The antiquity of the Posset-pot—Its national use—The Porringer—The two forms contemporary 안전놀이터 with each other—Stuart examples—The seventeenth and eighteenth century potters—The merging of the two types into the bowl.

A cold climate demands hot cordials. There was no elaborate system of hot-water pipes in the draughty, cold, and damp Elizabethan mansions with their rush-covered floors. It was a necessity, apart from long and deep potations of strong drinks, to take a nightcap or caudle-cup of something hot. In the eighteenth century the drinking of hot punch superseded this. But in the sixteenth and seventeenth centuries the custom of the posset of hot sack with spices and having milk and eggs, as a supper beverage was universal. Not that the posset-cup was idle in the daytime. It succeeded, even if it did not replace, the standing or loving-cup at weddings and other ceremonies. “Mix a posset for the merry Sir John Falstaff,” might, and possibly did, refer to any hour of the day, for that jovial soul did not stand on ceremony as to when he drank, so long as it was copious and oft-repeated.
That the posset-cup was of something thicker than mere spiced ale or hot wine is shown by Shakespeare’s “Thou shalt eat a posset to night at my house” (Merry Wives of Windsor). And Lady Macbeth, as a last act before the final commission of the treacherous crime, says:—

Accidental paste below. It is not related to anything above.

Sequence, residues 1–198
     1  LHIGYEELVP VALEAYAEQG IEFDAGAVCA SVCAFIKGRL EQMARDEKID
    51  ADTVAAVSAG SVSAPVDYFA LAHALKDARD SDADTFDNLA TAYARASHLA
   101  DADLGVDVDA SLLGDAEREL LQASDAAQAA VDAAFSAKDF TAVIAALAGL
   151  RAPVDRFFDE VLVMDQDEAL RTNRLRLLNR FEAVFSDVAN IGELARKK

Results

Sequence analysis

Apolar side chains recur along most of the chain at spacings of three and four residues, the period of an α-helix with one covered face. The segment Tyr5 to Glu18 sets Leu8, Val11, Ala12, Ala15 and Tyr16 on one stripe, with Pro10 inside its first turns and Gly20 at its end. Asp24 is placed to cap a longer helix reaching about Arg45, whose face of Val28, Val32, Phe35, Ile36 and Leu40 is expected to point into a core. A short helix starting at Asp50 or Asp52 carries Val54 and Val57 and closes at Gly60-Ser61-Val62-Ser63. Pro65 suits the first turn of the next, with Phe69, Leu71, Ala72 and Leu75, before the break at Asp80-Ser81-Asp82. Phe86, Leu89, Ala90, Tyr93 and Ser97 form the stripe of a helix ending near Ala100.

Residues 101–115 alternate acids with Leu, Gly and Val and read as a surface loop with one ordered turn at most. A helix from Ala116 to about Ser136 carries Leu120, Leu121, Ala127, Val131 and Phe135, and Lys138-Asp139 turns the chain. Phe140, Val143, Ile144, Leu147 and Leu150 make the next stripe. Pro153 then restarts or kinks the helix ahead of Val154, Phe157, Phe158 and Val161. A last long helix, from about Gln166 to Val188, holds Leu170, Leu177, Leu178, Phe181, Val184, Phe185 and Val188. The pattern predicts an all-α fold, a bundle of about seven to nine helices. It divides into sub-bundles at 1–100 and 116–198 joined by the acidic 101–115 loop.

I have drugged their possets,
That death and nature do contend about them,
Whether they live or die.
We have seen that the caudle was curdled milk, with wine and hot spices, and that it was smoking hot. Shakespeare says, “We’ll have a posset for’t soon at night, i’ faith, at the latter end of a sea-coal fire.” It was undoubtedly hot, and it seems to have been, sometimes for medical reasons, made doubly so. Hence Dryden writes:

A sparing diet did her health assure;
Or sick, a pepper posset was her cure.
The object of a vessel, in the end, determines its established form. Its purpose being to receive a hot caudle, demanded that the posset-pot or cup should have a cover to keep its contents warm. Its two handles never seem to have deserted it, until it became a shallow dish or bowl for broth. These handles undoubtedly served a purpose, but the love of ornament and the balance of vessels which were always of beautiful form and perfect symmetry demanded two handles, by which design they succeeded the style of the loving-cup handed around, but it is not possible to conceive that the posset-cup was other than for personal use.
In regard to early days the posset-cup has not survived. We have mainly posset-cups of the Stuart period which ran contemporary with the porringer. We might almost term this the transitional period. But the difference is apparent. Whereas the posset-cup or pot had a cover, the porringer had no cover. Otherwise in form there is little difference. But it must be borne in mind that the covered vessel was a protection against poison. When this fear was no longer prevalent the open vessel became safe.